Jacqui: A cover design has to be quite immediate. You have to catch someone’s eye straight away. In terms of interior design, it’s a much more considered process. You go into things in much more in-depth detail. I mean, quite often on the cover design, the designer hasn’t even necessarily even read the book. They’ll sometimes have a brief from the editor.
But obviously, if you’re working on the interiors, then you are more likely to read the book. You’ll have much more in-depth knowledge of it and be much more involved. And it’s actually a smaller team involved in that process. You know, cover design – there are lots of people involved. Lots of people with opinions on the cover design, Interior design, it tends to be a much tighter group. It’s usually the editor, the author sometimes, and the designer. And very few other people. And so you just work it out between yourselves. There’s a lot less involvement from the wider world. So it’s a very different process.
Jack: It’s pretty common for the cover designer and the interior designer of adult books – or even YA books – to be different people. That’s maybe less the case in children’s, especially when you have picture books or novels that have illustrations sprinkled in. Both Jackie and Jason, for instance, will often design the covers and the interiors.
Jason: Here at Penguin, we have a team that focuses just on the jackets for young adult across all the imprints. And that’s great because that’s a team with a core focus on the YA market and that type of design.
So with what I do, I get to, here at Dial, work on a whole scope. And so if it’s board books for the youngest readers, yes, I’ll design essentially the whole package – cover, interior, you know, the whole thing. Same for picture books and also for a lot of middle grade; we have the opportunity to design the covers for those too. Because a lot of middle grade now, or at least a number of books I’m working on, are kind of heavily illustrated in middle grade.
I worked on some graphic novels; I designed Roller Girl and a couple other titles. And so those, it’s more like the image that’s on the cover is going to be heavily relied on on the interior. So that’s why we have one designer that’s going to work on the whole book, essentially, as a package.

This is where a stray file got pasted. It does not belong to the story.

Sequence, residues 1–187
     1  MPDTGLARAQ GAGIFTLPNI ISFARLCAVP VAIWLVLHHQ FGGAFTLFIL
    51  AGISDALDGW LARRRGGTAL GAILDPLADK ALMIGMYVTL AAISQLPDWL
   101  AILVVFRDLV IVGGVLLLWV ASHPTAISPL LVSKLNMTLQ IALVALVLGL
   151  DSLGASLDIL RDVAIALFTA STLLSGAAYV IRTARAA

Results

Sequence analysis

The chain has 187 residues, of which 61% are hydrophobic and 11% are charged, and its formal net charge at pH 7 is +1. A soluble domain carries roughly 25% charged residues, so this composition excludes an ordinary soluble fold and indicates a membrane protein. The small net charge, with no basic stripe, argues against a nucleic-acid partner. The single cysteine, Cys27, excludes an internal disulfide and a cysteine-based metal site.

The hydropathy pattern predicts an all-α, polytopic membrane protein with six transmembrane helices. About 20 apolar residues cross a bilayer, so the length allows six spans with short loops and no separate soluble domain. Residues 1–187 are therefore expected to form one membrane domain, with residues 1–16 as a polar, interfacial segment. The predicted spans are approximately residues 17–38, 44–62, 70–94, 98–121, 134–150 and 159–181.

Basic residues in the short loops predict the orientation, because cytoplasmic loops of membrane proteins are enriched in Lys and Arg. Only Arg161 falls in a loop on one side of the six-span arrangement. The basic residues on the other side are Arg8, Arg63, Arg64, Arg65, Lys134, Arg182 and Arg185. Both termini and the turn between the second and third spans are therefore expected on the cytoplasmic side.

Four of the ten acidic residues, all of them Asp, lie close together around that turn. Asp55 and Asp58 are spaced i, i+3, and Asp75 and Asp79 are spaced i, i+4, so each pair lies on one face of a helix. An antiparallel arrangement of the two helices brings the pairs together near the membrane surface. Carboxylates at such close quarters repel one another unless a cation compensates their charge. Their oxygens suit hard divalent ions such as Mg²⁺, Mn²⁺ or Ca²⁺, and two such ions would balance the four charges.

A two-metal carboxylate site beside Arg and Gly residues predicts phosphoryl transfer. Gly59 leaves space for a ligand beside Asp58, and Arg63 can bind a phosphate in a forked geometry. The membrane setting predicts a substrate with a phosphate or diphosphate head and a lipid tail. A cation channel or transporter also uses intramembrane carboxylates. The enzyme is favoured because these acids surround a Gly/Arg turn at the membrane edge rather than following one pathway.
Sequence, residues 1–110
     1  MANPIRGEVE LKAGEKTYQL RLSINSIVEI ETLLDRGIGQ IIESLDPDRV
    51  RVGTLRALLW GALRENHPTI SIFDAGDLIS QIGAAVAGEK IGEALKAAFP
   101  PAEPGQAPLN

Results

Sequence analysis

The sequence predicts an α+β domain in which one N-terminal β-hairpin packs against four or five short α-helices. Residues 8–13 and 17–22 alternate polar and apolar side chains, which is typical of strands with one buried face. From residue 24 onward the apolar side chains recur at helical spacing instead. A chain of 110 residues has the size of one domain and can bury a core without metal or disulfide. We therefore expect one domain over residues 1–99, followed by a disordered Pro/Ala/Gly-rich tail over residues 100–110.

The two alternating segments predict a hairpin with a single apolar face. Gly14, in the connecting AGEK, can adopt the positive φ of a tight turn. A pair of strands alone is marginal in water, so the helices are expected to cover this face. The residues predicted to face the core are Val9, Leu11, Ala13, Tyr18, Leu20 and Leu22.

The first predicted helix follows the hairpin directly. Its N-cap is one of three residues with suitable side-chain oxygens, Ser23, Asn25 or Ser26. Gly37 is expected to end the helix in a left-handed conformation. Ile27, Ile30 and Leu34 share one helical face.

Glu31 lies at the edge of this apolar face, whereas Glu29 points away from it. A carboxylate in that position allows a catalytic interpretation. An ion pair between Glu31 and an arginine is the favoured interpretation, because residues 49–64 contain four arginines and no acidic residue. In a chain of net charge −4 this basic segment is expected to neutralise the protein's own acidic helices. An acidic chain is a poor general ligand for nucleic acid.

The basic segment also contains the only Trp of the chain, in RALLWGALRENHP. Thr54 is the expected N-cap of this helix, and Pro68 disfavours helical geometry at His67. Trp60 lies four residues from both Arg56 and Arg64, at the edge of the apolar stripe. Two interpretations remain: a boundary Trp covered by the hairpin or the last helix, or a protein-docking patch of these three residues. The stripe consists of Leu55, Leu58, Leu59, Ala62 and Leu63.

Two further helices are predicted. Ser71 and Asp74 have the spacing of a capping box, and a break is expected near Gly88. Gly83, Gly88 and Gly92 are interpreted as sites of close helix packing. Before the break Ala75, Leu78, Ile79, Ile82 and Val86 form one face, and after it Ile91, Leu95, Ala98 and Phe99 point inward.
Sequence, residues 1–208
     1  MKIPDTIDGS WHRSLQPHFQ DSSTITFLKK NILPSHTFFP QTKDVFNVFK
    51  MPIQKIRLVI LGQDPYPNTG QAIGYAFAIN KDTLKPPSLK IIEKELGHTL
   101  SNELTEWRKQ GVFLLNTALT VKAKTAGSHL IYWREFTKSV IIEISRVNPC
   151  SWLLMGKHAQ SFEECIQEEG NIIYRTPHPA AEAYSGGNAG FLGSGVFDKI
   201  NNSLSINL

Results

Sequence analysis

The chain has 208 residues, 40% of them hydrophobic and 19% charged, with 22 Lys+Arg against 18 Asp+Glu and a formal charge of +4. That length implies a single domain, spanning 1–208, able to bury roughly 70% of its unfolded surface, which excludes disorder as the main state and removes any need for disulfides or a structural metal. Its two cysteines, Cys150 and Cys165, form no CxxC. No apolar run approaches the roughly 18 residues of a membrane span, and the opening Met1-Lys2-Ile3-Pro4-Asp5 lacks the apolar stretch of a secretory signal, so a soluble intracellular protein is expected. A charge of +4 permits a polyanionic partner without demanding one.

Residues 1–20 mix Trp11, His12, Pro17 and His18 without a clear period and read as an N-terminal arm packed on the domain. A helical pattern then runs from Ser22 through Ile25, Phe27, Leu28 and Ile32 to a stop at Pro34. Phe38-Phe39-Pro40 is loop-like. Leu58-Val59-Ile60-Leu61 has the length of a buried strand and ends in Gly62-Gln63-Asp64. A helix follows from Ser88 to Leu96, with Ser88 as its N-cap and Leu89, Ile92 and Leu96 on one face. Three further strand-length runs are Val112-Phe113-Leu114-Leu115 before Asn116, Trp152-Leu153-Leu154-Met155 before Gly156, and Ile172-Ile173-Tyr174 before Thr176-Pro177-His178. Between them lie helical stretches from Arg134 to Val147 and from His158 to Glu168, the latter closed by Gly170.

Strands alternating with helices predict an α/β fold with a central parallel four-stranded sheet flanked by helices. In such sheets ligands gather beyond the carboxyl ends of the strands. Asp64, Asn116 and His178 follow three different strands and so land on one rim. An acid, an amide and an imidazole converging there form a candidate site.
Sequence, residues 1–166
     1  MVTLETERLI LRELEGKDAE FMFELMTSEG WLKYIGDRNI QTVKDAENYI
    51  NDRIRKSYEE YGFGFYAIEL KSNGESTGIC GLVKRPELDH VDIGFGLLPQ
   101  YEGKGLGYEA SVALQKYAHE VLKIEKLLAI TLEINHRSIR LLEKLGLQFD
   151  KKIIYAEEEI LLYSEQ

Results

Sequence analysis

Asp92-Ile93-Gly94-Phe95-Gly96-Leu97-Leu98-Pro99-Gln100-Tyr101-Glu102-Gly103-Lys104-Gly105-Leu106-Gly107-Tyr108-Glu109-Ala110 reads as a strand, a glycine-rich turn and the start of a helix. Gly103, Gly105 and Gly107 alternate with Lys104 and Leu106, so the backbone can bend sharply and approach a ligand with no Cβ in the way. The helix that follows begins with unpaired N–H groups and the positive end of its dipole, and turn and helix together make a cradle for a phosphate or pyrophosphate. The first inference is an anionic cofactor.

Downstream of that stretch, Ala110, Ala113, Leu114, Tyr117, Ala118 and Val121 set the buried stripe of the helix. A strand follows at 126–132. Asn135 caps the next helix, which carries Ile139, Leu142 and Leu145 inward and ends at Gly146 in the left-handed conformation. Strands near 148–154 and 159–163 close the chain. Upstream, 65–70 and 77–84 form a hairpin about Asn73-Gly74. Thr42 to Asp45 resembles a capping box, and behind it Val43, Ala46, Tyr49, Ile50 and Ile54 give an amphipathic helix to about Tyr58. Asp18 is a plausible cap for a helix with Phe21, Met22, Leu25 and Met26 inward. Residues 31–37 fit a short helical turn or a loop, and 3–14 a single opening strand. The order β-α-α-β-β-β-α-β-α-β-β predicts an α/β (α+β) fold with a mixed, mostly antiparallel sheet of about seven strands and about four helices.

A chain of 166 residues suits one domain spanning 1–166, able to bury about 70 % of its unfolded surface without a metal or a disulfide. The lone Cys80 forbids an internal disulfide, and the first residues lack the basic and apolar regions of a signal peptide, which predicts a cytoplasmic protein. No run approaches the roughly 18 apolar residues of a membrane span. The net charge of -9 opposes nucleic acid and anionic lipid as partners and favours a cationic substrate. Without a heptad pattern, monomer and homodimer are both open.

Jack: In the case of See You in the Cosmos, it was more of a split. Jacqui and her team did the cover, which was nearly completed by the time Jason started on the inside.
Jason: After it goes through the editorial process, and then through copyediting … then it comes to me. Then what I do is I take that file, which is usually a Microsoft Word file, and I’ll read it on my phone on my commute or something like that. I’m also reading it as I’m designing it too, as I’m going through, so I take that text and I bring it into InDesign, which is the page layout program, and I start to play with type.
Jack: You probably know by now that See You in the Cosmos is about an 11-year-old named Alex, trying to launch his iPod into space. What you might not know if you haven’t read the book yet, is that the story is told through the recordings that Alex is making on his iPod.
Jason: I thought this was so great, the way that it was structured – almost like this is a transcript of Alex’s Golden iPod. I started to look at a number of different typefaces, which are literally fonts, trying to find a font that almost has a transcript-y kind of feel. And also something that’s going to be age-appropriate in size, and also convey the general feeling that the cover designer in the UK was having. So you take all of these thoughts and considerations and you’re distilling it down into a font.
And so I’ll take the Word document and the text, and I’ll just start trying different typefaces and different sizes of typeface, and work with the space in between the lines, which is called leading. So between each sentence that’s on the page, there’s a gap. And part of the designer’s job is to figure out how much space is going to be between each line, which equals how many lines are going to be on the page. And then that helps determine how many pages the book will be.